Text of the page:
Wednesday, April 24, 2013

One messed-up poem



The Horace Chronicles, #5

September 22

Dear Maya,

For the past couple days we’d been learning about slavery. Mr. Smith had us read about stuff like the Triangular Trade. He explained how slavery was different in North America than it was in South America (apparently North American slaves had it a little better because the weather was better and they got more food – if they managed to survive the trip over). He explained that things in the English colonies got worse for slaves around 1700 than they’d been in 1600 because the slave owners were getting nervous about poorer white people and thought they might keep them from getting too mad by making them feel at least they weren’t black. That whole Bacon's Rebellion thing which I mentioned in my paper. I found this stuff interesting. But I think Carl was getting bored, and some other kids were too. Yesterday I saw more kids staring out the window than I’d ever seen in this class. Almost as bad as English, where we were trudging through The Tempest. I think the idea was to have the English and History doing similar stuff, but it just wasn't working. Ms. Guzman went so slow. I also hated reading the play online, but I wasn't going to pay $5 for it, and I definitely wasn't going to ask my dad.

So I was a little surprised when Mr. Smith called up some poetry on the Smart Board. “OK, kids,” he said, putting down a mug of steaming coffee. “Today I have something for us to read. As you can see, it’s a poem by Phillis Wheatley—’’

“—her name is spelled wrong,” Hannah said. “My great aunt’s name is Phyllis. Shouldn’t this one have a Y in it?”

“She was named after the slave ship that brought her to America.”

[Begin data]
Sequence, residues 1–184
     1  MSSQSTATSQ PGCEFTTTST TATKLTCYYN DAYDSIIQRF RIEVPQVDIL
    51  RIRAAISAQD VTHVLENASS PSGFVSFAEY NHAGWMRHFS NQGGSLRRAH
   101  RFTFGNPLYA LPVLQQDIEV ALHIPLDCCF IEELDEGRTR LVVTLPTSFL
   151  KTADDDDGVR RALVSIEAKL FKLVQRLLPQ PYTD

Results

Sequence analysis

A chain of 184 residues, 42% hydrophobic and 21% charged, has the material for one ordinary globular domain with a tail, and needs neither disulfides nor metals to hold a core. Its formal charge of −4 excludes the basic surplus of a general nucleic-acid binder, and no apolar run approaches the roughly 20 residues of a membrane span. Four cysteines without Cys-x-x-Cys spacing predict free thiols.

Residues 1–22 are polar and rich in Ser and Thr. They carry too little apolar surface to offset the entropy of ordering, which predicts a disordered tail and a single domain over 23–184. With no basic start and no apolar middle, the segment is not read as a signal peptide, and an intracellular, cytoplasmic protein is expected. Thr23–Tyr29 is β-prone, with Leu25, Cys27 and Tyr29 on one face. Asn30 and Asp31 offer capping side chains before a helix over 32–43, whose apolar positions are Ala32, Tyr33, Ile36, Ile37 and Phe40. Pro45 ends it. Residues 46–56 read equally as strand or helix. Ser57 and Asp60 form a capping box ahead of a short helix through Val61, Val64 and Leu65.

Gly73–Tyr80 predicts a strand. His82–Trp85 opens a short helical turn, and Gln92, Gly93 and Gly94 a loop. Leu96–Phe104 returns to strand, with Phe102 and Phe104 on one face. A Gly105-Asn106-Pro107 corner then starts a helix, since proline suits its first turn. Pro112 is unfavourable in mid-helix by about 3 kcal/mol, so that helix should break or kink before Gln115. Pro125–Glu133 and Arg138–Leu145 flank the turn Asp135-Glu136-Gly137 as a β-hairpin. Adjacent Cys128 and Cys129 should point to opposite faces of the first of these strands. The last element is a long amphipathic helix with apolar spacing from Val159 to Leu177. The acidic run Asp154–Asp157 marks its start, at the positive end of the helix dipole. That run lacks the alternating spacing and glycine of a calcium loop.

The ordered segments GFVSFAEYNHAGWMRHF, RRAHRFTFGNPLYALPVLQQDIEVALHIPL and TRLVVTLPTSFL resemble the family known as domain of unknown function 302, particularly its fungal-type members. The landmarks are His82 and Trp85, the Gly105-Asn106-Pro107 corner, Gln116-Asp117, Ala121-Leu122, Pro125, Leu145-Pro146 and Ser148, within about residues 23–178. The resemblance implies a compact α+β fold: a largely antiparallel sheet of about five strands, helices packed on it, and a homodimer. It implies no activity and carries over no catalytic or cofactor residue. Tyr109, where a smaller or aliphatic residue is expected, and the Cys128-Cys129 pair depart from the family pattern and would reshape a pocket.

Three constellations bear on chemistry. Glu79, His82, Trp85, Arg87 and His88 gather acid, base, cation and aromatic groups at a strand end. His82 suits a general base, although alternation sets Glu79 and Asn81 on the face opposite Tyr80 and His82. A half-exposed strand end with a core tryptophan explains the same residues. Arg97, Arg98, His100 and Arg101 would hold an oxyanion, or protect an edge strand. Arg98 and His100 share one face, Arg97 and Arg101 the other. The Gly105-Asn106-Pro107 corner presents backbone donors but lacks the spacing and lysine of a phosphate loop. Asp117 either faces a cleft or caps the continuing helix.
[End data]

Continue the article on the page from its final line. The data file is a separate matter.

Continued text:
“Well it’s still spelled wrong.”

“People were less fussy about spelling in those days,” Mr. Smith said. He picked up his coffee again. Reminds me of a hundred years later, when Andrew Jackson, who some people thought was illiterate, said he couldn’t respect a man who knew only one way to spell a word.” Mr. Smith sipped his coffee. I think he expected people to laugh, but no one did.

He put the mug back down. “Anyway, Wheatley was a slave—’’

“—Can I go to the bathroom?”

“Yes, Deana. As I was saying—“

“—Can I go too?”

“When Deana gets back. Wheatley was a slave—“

“Wait: a poet who was a slave?” This from Danny Kaiser.

I thought Mr. Smith would be mad to be interrupted again. Instead, he smiled. “You got a problem with that, Danny?”

“No. I mean, it’s just . . . it’s just a little weird. I thought slaves did like hard labor.”

“You thought right. As we’ll see, if we can ever get to the poem, that this Phillis Wheatley, no 'y,' was a pretty unusual woman. She was born in West Africa some time around 1730, and came to Boston. She wrote this poem around 1750 when she was about 20 years old. But let’s put aside the details for a moment. What you see here is the whole poem. Who wants to read it?”

Liz Ling’s hand shot up. “All right, Liz,” Mr. Smith said, “go at it.”  I shot a look at Jasmin Randall, who is black. I wondered what she was going to make of this. Her face was blank, looking at the board. Lisa read:

'Twas mercy brought me from my Pagan land,

Taught my benighted soul to understand